Costume Designer Justin Hall’s work echoes the 1939 film’s Technicolor glory while keeping an ironic handle on everything. The costumes for the core cast of Scarecrow, Tin Man, and Cowardly Lion are a delight. The other costumes are inventive, clever, and more than a little punk bringing an aesthetic that seems to revel in and comment on the material and pop from the stage as a visual treat. Hair & Make-up designer Emily Young and her crew do a great deal of heavy lifting with the three leads and the multiple changes for the majority of the company. The Tin Man, Wicked Witch of the West, and the Cowardly Lion are particularly stunning builds and provide exactly the right accompaniment to some truly invested performances. The crew behind “Wizard of Oz” have taken reduced resources and budget and labored hard to create something that often comes across as grander than the sum of its parts.
Music Director Margaret B. Gallagher and her orchestra do much of the heavy lifting in this “wizard”. Utilizing the film score as well as the songs written for the film requires the orchestra to carry the audience through the entire place and fill in holes and transition due to the fantastical nature of much that occurs on stage. They do so ably really coming into their own with the recurring motifs begin with “If I only Had a Brain” and ending with “If I only Had the Nerve”.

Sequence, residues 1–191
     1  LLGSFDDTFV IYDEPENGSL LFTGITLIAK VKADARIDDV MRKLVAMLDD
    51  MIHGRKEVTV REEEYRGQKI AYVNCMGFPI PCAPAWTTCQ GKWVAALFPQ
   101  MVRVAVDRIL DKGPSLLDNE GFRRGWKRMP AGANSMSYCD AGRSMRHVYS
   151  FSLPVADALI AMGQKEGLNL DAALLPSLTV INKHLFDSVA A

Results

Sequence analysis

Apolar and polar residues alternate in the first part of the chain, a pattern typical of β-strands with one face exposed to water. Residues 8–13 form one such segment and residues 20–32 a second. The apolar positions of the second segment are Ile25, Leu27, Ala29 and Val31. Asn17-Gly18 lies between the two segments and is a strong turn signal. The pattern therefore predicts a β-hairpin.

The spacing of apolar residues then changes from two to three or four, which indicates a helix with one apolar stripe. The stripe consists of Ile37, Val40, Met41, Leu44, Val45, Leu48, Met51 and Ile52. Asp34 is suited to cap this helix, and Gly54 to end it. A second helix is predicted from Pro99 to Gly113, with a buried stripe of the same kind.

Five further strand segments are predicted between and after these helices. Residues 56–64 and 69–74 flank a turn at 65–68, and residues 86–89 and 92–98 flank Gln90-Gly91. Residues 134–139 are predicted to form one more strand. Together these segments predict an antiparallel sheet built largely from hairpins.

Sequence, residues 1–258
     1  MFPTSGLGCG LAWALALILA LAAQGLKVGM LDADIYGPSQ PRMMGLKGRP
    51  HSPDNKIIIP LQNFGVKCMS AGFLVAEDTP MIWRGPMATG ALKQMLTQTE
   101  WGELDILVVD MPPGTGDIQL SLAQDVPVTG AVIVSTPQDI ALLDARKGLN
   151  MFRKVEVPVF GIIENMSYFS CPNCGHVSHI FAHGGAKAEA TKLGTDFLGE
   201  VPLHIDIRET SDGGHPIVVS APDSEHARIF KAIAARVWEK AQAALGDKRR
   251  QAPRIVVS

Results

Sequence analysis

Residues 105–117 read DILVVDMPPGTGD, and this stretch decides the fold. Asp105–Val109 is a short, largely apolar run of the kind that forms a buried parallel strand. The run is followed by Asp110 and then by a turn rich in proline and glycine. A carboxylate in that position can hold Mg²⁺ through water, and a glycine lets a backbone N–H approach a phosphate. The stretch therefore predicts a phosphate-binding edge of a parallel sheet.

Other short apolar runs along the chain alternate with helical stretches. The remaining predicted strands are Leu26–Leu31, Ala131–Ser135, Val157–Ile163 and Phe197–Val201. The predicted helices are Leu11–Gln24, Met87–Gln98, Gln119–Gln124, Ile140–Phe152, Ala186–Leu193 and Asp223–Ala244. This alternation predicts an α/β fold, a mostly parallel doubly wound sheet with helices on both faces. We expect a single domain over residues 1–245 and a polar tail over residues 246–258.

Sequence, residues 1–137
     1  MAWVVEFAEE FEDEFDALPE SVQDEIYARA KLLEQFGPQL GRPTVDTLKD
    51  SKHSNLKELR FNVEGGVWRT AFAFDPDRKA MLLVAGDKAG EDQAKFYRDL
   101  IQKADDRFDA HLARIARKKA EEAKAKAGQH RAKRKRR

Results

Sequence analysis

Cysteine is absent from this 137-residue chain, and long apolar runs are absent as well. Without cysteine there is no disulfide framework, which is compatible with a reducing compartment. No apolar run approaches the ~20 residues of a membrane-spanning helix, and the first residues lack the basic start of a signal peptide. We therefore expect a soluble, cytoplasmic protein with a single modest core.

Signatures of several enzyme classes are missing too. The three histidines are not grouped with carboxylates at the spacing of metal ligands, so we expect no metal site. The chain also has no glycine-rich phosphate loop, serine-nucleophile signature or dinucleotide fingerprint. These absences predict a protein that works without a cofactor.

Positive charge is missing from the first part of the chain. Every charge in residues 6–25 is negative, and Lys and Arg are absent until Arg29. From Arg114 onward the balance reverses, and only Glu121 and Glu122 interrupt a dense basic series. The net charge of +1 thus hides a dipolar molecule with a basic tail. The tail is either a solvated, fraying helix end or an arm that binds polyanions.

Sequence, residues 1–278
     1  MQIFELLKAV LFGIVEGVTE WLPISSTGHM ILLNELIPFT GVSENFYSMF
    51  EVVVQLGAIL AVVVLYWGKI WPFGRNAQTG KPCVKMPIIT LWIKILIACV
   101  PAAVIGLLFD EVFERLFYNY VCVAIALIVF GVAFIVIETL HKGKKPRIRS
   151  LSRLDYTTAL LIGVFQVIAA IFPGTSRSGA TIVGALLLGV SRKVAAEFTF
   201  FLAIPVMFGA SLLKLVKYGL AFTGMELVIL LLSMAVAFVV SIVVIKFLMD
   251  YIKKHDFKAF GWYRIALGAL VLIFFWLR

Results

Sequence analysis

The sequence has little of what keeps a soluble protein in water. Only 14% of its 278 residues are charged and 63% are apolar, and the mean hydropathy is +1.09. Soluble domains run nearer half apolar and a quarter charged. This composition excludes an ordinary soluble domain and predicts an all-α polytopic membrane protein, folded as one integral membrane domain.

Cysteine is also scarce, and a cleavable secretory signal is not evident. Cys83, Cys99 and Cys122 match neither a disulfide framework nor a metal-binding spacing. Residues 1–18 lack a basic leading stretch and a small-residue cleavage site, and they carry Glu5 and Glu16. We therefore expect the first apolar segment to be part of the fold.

“Wizard of Oz” sports a large cast with many players filling multiple roles. Family members make up a large part of the company such as the Father/Daughter team up of Asher Ellis as Uncle Henry and Isabella Ellis** as Dorothy. Donovan Fansler, Josh Fansler, Kayelyn, Caleb Gerber, Todd Gerber- these connections within the cast result in a powerful warmth and genuine heart.
If there is a standout in this production it is an amazing young performer named Jonathan Grice as the Cowardly Lion. This Forsyth Tech student steals the show when he is onstage with a magnetic, confident, and hilarious performance as the yellow bellied would-be King of the Forest. Grice’s singing is strong and his comic timing pulled the largest laughs and applause out of the Thursday night preview audience. This young man is a force of nature.
When it comes to full commitment to the material and to the tone, there is no cast member that went as all in as Wake Forest Physics professor Jed Macosko as “Scarecrow”. (His daughter Karina Macosko is also in the cast.) Macosko’s performance is a wonder as he comes with an elastic physicality and rubbery face that plays clear and very funny with a touch of Groucho Marks shining through in the delivery.